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I'm using org-mode tables to record workouts and would like to calculate the pace I achieve on runs/cycling. I've read the org spreadsheets introduction and found a thread about calculating units but am unsure how to go about doing this.

Currently I have very crudely entered the length of the run/cycle in km and the time as minutes/seconds (min secs) and used a simple formula $6=($5 / $4) in the pace column but the calculation isn't coming out as I'd hoped, I include the column Should Be for reference...

| Date             | Activity | Distance | Time    | Pace                | Should Be      |
|------------------+----------+----------+---------+---------------------+----------------|
| <2020-06-21 Sun> | Run      | 10.75km  | 72m46s  | 6.6976744 m46s / km |  5.50 min/km   |
| <2020-06-19 Fri> | Run      | 6.56km   | 35m26s  | 5.3353659 m26s / km |  5.24 min/km   |
| <2020-06-16 Tue> | Run      | 6.47km   | 34m44s  | 5.2550232 m44s / km |  5.22 min/km   |
| <2020-06-13 Sat> | Run      | 8.03km   | 47m28s  | 5.8530511 m28s / km |  5.55 min/km   |
| <2020-06-11 Thu> | Cycle    | 22.23km  | 85m30s  | 3.8236617 m30s / km |  3.51 min/km   |

The calculating units thread doesn't describe how to handle time and I haven't yet found a method to do this.

Is it feasible? Or should I start considering using timestamps to calculate elapsed time and go from there?

  • You could use org-sbe to call a code block, and then handle units and parse strings in your preferred language to generate the new column. – mankoff Jun 21 at 19:14
  • The "Should Be" column seems to be wrong though: e.g. 72.75mins for 10.75km is about 6.77 min/km, not 5.50 min/km. – NickD Jun 21 at 21:36
  • @NickD Good spot, problem sits between screen and keyboard, it should have been 62min 46s. – slackline Jun 22 at 6:37
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It just doesn't like how you've entered the time values. Here's one that works:

| Date             | Activity | Distance | Time              | Pace                | Should Be   |
|------------------+----------+----------+-------------------+---------------------+-------------|
| <2020-06-21 Sun> | Run      | 10.75km  | 72min + 46s       | 6.7689922 min / km  | 5.50 min/km |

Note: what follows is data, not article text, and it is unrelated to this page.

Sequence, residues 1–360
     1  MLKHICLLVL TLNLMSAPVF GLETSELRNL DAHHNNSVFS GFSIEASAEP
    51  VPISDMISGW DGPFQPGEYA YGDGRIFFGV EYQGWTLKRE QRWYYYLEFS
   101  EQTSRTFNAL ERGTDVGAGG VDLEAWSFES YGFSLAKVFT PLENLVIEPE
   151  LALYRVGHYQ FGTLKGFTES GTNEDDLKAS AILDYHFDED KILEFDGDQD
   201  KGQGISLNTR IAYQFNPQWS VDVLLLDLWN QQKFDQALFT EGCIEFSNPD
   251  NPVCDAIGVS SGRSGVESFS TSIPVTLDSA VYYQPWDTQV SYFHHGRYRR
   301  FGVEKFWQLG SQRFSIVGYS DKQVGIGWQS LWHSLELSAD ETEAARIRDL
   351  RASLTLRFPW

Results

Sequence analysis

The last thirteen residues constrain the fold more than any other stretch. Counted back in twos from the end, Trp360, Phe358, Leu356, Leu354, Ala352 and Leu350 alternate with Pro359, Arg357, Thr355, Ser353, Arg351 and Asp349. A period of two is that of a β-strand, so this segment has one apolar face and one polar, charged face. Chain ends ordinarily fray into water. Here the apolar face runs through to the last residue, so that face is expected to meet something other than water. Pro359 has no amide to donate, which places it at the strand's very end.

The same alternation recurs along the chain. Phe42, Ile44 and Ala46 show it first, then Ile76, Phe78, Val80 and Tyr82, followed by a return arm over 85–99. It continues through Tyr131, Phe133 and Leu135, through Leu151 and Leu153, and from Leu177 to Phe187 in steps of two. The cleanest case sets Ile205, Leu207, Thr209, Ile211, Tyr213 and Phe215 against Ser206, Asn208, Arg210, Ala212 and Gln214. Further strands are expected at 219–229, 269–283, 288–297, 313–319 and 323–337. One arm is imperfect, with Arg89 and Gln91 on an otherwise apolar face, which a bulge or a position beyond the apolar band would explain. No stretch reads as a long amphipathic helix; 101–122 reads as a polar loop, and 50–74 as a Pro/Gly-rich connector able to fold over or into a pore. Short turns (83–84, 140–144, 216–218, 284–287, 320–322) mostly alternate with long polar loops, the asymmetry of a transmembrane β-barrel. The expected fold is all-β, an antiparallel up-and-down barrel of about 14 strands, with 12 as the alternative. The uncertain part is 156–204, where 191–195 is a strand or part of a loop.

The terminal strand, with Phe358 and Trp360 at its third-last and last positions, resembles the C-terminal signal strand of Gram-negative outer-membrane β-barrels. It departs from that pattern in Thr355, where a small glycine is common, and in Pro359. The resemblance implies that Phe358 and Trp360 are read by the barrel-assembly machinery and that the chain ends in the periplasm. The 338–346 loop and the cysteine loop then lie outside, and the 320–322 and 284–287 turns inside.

| <2020-06-19 Fri> | Run      | 4.08mi   | 35min + 26s       | 8.6846405 min / mi  | 5.24 min/km |
| <2020-06-16 Tue> | Run      | 6.47km   | 34min + 44s       | 5.3683668 min / km  | 5.22 min/km |
| <2020-06-13 Sat> | Run      | 8.03km   | 47min + 28s       | 5.9111665 min / km  | 5.55 min/km |
| <2020-06-11 Thu> | Cycle    | 22.23km  | 1hr + 25min + 30s | 0.064102564 hr / km | 3.51 min/km |
#+TBLFM: $5=usimplify($4)/$3;L

usimplify is a function provided by the emacs calculator for simplifying units; it first does algebraic simplification and then combines compatible units. In this case it's primarily combining the hours, minutes, and seconds into a single value with a single unit. You can see the complete documentation in The GNU Emacs Calculator manual, chapter 11.1. This is also included with Emacs; use C-h i to open the info reader.

The Stack Exchange question/answer that you linked to (Org table: Calculate units provides an additional function that you can define:

(defmath uconvert (v u)
  "Convert value V to compatible unit U."
  (math-convert-units v u))

If you evaluate this in the *scratch* buffer with C-x e you'll be able to convert to any compatible units that you would like, more or less:

| Date             | Activity | Distance | Time              | Pace                          |
|------------------+----------+----------+-------------------+-------------------------------|
| <2020-06-21 Sun> | Run      | 10.75km  | 72min + 46s       | 6 min / km + 46.139535 s / km |
| <2020-06-19 Fri> | Run      | 4.08mi   | 35min + 26s       | 5 min / km + 23.783126 s / km |
| <2020-06-16 Tue> | Run      | 6.47km   | 34min + 44s       | 5 min / km + 22.102009 s / km |
| <2020-06-13 Sat> | Run      | 8.03km   | 47min + 28s       | 5 min / km + 54.669988 s / km |
| <2020-06-11 Thu> | Cycle    | 22.23km  | 1hr + 25min + 30s | 3 min / km + 50.769231 s / km |
#+TBLFM: $5=uconvert($4/$3, (min+s)/km);L

You can see that it converted it to an expression which is not quite what you wanted, but which is algebraically equivalent and is technically simpler. Too bad it's not really easier to read. If you want to keep uconvert around for future use, make sure to add it to your init file.

| improve this answer | |
  • Brilliant, thank you. How does usimplify and ;L component work? Is it possible to format output as Xmin + Ys /km? – slackline Jun 22 at 6:39
  • Thanks for the update, thats really neat that Emacs can "magically" work out the units using unconvert. – slackline Jun 23 at 9:24

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